Monday, September 18, 2017

JURASSIC WORLD: THE EXHIBITION, FIELD MUSEUM


JURASSIC WORLD: THE EXHIBITION

     The Jurassic World: The Exhibition, until January 2018, at the Field Museum of Natural History in Chicago, is an unusual traveling exhibit based on the movie Jurassic World.  The exhibit includes a blend of some realistic dinosaurs, some active entertainment, and some science fiction. Although my wife Carla and I basically enjoyed most of the exhibition, we were a few times confused about what was questionably science at this time by most scientists.    

      A special 17,000 square foot plastic-walled perma-tent has been erected on the museum's front lawn for the exhibition, which has been so popular that visitors need timed entree tickets.  Even with these limits we found the exhibition overcrowded making it difficult to hear the guide  giving a tour of the fictional  Isla Nublar on TV screens.

    Not knowing what to expect each new area was a surprise.  When we entered a jungle like environment , we soon encountered a Stegosaurus and a Brontosaurus, who moved their heads, their eyes followed us and they were close to us.

    Next we entered a room that gave us "scientific" background how these were genetically created by taking dinosaur DNA from mosquitoes who had bitten them and then become incased in amber. To reassure us of the reality of this "scientific" approach a full wall of brightly lit amber is on display. This mix of fictional science from the movie and real science presented elsewhere in the exhibition may be bit confusing to some visitiors.

    A case has three baby dinosaurs who have just broken out of their eggs and on the walls are displays explaining to visitors the "science" involved in their re-creation. 

    The exhibition took on more reality as we entered the next space.  A barrier stood before us and we were asked to wait a moment because a carnivorous velociraptor had been seen in the area.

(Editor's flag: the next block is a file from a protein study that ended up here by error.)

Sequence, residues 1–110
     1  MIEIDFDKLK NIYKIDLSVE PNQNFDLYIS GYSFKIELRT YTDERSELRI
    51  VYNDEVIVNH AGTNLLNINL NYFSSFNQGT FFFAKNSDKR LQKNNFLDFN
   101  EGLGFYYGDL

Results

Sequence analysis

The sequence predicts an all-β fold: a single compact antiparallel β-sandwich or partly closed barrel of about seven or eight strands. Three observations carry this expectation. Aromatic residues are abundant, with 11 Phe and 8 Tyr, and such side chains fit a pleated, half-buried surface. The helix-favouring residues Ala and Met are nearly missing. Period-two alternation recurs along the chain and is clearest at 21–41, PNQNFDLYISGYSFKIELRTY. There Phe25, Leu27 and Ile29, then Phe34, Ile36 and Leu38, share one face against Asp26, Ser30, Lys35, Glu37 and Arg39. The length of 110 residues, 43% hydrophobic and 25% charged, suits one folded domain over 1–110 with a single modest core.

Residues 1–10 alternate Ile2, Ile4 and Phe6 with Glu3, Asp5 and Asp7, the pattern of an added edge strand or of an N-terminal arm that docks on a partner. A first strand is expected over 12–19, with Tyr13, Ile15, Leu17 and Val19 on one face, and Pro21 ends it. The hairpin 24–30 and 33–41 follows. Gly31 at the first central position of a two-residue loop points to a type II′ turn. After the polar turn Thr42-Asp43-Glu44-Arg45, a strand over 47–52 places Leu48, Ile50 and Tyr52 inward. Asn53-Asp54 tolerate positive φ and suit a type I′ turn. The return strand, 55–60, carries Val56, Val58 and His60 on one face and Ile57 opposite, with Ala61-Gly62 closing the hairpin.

A carnivorous velociraptor attacked walls of his cage.



    And sure enough a moment later he came roaring around the corner full of noise and what looked like rage.  He bit at the barrier and hit his head against it trying to break it down.  We were all impressed but the kids in the group found him especially enchanting.  

    However, mostly we were also being exposed to real science and could touch screens to learn more about the movie it was based on and others to give us real scientific information as it was known when the film was made.

     That is, these dinosaurs were covered in scales and had a certain coloring.   The recent information we have on the subject suggests that rather than scales they may have been covered in feathers like their descendants the birds.

     Our biggest thrill was yet to come.  We entered a fair-sized room that had a fence and a truck like the one used in the movie.  We heard a roar and then saw the head of a T-Rex soon followed by his body.  He also was in a bad mood and upon seeing the truck tried to tip it over.  His head and mouth were so large he could have picked me up in it.




A modified T-Rex was the scariest thing in the exhibition.

(Picture courtesy of Field Museum)



    Later in the Field Museum in the Stanley Field Hall I found that he was same size as the T-Rex Sue, 40 feet long.  Sue who has 90% of the original dinosaur resides on the first floor and is a major attraction.

    In the upper level in Dinosaur Hall the Field Museum has a permanent, expanded collection  including every major group, and the worlds they lived in. 

    The Jurassic World  exhibition opened last year in Franklin Institute in Philadelphia and has been  at the Melbourne Museum, in Australia.

The exhibition is a drop back into the world's very distant past.

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